Mary of Bethany was the first to live that new commandment, and she did it even before it was given, because she knew who Jesus was.

The house of Jesus’ friends, just outside the city where murderous plans were being plotted, the house of Jesus’ friends became a house of witness and worship. Those who lived there remembered the stench of death, but what lingered was the sweet aroma of love, a fragrance even more difficult to describe than nard.

When I think about the aroma of extravagant love, one of my favorite movies comes to mind, Babette’s Feast.

In a small town in 19th century Denmark lived an old man and his two daughters. The man, called the Dean, was the leader of a small Lutheran sect, and he and his daughters led a puritanical life. After the Dean died, the sisters continued his legacy, keeping the church going and ministering to the poor. Now, many years later, the aging churchgoers are bickering and bringing up past wrongs.

One day, a ragged-looking woman appears on the sisters’ doorstep with a letter from a friend. He explains that this woman, Babette Hersant, has fled Paris for her life. He hopes that the sisters will be kind enough to take her in as a maid, as she has nowhere else to go, having lost her husband and son in an uprising. Babette assures the sisters that she will work as their maid and cook for nothing, and the sisters agree to the arrangement.

At first, they are wary of their new maid. She speaks only French, looks like a beggar, and she’s Catholic. As they get accustomed to her, however, they realize that she is strong and kind. They show her how to prepare the plain dishes to which they are accustomed, and Babette tweaks them just a little; the poor love her cooking.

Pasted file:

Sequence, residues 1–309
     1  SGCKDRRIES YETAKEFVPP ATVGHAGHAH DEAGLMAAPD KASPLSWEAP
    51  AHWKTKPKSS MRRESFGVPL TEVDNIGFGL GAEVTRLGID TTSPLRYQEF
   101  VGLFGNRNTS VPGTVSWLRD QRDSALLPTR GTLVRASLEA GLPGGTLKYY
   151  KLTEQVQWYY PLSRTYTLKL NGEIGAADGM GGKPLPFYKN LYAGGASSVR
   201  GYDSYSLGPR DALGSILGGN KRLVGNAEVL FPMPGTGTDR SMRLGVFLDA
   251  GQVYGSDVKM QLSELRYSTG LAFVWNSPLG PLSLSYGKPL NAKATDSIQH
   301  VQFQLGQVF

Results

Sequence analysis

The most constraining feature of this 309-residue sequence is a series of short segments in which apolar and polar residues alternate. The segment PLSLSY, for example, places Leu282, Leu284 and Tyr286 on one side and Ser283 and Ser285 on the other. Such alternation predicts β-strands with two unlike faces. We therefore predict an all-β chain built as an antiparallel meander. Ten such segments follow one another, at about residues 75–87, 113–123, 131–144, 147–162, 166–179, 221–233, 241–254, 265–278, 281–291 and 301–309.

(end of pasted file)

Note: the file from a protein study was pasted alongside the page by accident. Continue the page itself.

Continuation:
One day Babette finds out she won the lottery in Paris just as the sisters are trying to plan a celebration of what would have been their father’s hundredth birthday. Babette asks that they allow her to prepare the meal for the occasion, and the sisters reluctantly agree.

Babette leaves for several days to purchase everything she needs, and after her return strange bottles, boxes, and ingredients begin arriving at the house.

Then the great day finally comes. The guests arrive, they chat and sing the Dean’s favorite hymns. And then they sit down to the meal. Course after course, they eat food they never tasted before, they drink the finest wine, and around the table, frozen faces begin to melt, hardness softens, and the men and women of the congregation begin to make amends for their recent bickering and grudges. Arguments are dropped. Past misdeeds are forgiven. They laugh and embrace. They step outside and, holding hands in a large circle, they sing under the stars.

After the guests have left, the sisters find Babette in the kitchen, surrounded by piles of dirty dishes, pots and pans. They thank her for the fine meal and for all of her work. She admits that she was once the chef at one of Paris’s finest restaurants, but when the sisters ask about her return to Paris now that she has money, she answers that she will never go back to Paris. The sisters are relieved but surprised. And then they learn that Babette has spent her entire lottery winnings on this one meal.

She has given it all away in one extravagant gesture of hospitality. What lingers is the sweet aroma of love – still difficult to describe, but the recipe is so easy to remember.